Finally, the red color shows best upon the white clays of porcelain rather than that of the brown stoneware. Porcelain has its own problems to work with as well. The fine Porcelain clay is harder to throw clean forms out of in uniformly thin walled pots. The surface of the pots made of porcelain become loose and cause the glaze to crack off and pull away from the surface of the pot creating a crawling effect. Great care must be taken to Glaze thinly and apply coats of glaze and smooth them onto the surface of the pot. A gum arabic solution added to the glaze will help stop crawling.

With all the problems associated with the Oxblood Glazes, we can still see the results of our work when we get beautiful red pots with a minimum of flaws to crawling, pitting, and running. These are truly magnificent glazes which enhance our work. I tend to use several other glazes with the Oxblood Glaze to give a mottled effect and ensure that there is some benefit for my efforts.

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I've never made oxblood but I have either been given or bought several chunks of cullet. I pull them into stringers and decorate the outside of the marbles I make occasionally.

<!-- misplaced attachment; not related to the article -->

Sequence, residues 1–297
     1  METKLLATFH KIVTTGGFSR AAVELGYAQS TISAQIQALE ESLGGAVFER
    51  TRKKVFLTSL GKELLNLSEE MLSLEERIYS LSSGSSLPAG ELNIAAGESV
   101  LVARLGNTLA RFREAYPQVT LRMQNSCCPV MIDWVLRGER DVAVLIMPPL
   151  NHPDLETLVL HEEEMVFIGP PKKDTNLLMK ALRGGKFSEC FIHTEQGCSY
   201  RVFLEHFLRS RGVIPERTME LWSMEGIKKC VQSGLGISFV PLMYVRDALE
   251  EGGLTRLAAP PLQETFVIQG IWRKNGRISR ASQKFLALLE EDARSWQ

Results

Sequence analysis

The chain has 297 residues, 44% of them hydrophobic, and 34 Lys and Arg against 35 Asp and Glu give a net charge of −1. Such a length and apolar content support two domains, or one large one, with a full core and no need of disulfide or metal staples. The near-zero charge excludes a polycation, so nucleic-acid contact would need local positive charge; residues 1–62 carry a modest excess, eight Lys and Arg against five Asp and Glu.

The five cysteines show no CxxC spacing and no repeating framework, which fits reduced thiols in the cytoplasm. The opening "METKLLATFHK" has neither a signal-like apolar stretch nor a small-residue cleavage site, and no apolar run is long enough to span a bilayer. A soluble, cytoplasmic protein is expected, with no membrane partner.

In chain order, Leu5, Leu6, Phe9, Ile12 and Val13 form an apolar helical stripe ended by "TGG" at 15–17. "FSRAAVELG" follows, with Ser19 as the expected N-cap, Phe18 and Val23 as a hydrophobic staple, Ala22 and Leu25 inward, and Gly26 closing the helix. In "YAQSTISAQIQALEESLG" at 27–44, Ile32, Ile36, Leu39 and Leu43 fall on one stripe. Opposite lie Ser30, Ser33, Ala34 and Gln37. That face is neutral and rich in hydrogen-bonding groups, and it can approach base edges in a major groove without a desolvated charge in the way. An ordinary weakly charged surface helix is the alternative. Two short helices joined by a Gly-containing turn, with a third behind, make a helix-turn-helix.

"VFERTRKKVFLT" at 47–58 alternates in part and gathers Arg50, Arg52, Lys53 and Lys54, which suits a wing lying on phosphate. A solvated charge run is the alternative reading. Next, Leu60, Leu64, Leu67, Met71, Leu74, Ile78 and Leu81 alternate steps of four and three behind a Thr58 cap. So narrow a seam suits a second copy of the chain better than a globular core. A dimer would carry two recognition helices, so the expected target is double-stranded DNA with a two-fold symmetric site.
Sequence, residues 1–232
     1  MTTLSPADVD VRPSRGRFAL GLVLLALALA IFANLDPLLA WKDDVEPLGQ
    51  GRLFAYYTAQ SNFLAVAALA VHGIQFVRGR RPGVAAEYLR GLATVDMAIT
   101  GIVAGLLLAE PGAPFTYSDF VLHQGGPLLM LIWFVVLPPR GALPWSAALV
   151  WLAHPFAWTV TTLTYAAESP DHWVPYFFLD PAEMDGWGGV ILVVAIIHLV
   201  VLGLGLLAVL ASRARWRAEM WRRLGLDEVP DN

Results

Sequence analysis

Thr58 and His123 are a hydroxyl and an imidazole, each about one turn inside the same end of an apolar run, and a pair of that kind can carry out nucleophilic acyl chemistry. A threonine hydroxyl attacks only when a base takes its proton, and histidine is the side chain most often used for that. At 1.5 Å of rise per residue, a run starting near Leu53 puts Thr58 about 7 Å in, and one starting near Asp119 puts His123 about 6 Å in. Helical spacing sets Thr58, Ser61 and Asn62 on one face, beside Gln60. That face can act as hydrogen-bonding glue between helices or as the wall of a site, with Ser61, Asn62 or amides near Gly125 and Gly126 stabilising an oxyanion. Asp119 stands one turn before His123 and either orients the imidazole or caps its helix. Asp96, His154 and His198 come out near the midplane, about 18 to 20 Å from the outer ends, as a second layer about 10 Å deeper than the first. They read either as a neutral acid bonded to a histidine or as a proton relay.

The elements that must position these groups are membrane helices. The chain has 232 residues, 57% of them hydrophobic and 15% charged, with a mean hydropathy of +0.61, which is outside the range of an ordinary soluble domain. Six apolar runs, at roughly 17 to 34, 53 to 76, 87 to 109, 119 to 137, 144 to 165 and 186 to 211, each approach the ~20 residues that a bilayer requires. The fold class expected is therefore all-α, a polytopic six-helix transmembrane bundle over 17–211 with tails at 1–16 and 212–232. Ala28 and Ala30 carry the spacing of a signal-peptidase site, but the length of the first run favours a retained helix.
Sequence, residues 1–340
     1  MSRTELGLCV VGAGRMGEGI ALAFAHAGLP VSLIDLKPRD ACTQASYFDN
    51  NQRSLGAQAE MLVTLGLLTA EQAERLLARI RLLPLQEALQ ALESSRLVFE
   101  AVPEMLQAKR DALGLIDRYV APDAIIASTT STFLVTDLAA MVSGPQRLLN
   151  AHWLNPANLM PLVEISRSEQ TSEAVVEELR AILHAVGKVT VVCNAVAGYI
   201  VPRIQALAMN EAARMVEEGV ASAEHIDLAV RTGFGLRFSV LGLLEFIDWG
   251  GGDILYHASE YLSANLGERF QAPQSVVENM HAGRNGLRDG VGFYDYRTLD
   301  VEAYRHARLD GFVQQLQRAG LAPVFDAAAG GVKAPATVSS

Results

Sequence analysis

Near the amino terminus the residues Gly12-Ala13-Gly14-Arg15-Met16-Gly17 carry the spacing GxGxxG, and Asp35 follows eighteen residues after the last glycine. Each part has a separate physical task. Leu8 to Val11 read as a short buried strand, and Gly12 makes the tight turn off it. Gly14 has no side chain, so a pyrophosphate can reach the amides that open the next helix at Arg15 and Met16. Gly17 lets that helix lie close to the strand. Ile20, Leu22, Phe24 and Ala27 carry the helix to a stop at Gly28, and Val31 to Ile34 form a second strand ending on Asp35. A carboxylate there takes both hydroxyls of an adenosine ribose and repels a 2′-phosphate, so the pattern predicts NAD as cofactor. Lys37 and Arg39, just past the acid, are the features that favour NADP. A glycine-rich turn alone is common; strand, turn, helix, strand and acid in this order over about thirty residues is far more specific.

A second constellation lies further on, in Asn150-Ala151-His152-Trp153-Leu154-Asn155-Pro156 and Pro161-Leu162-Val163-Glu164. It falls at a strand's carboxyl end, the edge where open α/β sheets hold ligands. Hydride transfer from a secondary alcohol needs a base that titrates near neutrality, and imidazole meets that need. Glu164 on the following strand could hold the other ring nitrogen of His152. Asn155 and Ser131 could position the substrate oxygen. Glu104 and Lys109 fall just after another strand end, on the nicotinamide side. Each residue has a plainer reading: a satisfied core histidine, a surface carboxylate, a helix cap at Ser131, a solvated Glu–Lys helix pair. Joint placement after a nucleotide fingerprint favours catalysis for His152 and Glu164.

I have found that the cullet's stringers fall into 3 distinct categories:

1) very good and consistent color - spreads nicely and is very easy to work with

2) average application and loses a bit of intensity of color as it works into the marble's surface

3) very poor cullet - this is horrible cullet. The color goes almost clear and you really can't tell I applied it in the first place.

The pictures that Galen posted is the same type of cullet pieces that I would call category 1 - very good oxblood. Those marbles are great!!!!!

If you make marbles out of category 2, they turn out all drab and not shiny even tough you use the coolest part of the torch's flame during flame polishing.

Don't even try making marbles out of category 3 - it's a waste of time and gas for you - I know! These look like... well, cr*p!

ok everyone - I'd love to see pictures or read what your thoughts are on oxblood. Join me in learning and the adventure of working together to gain insight on oxblood.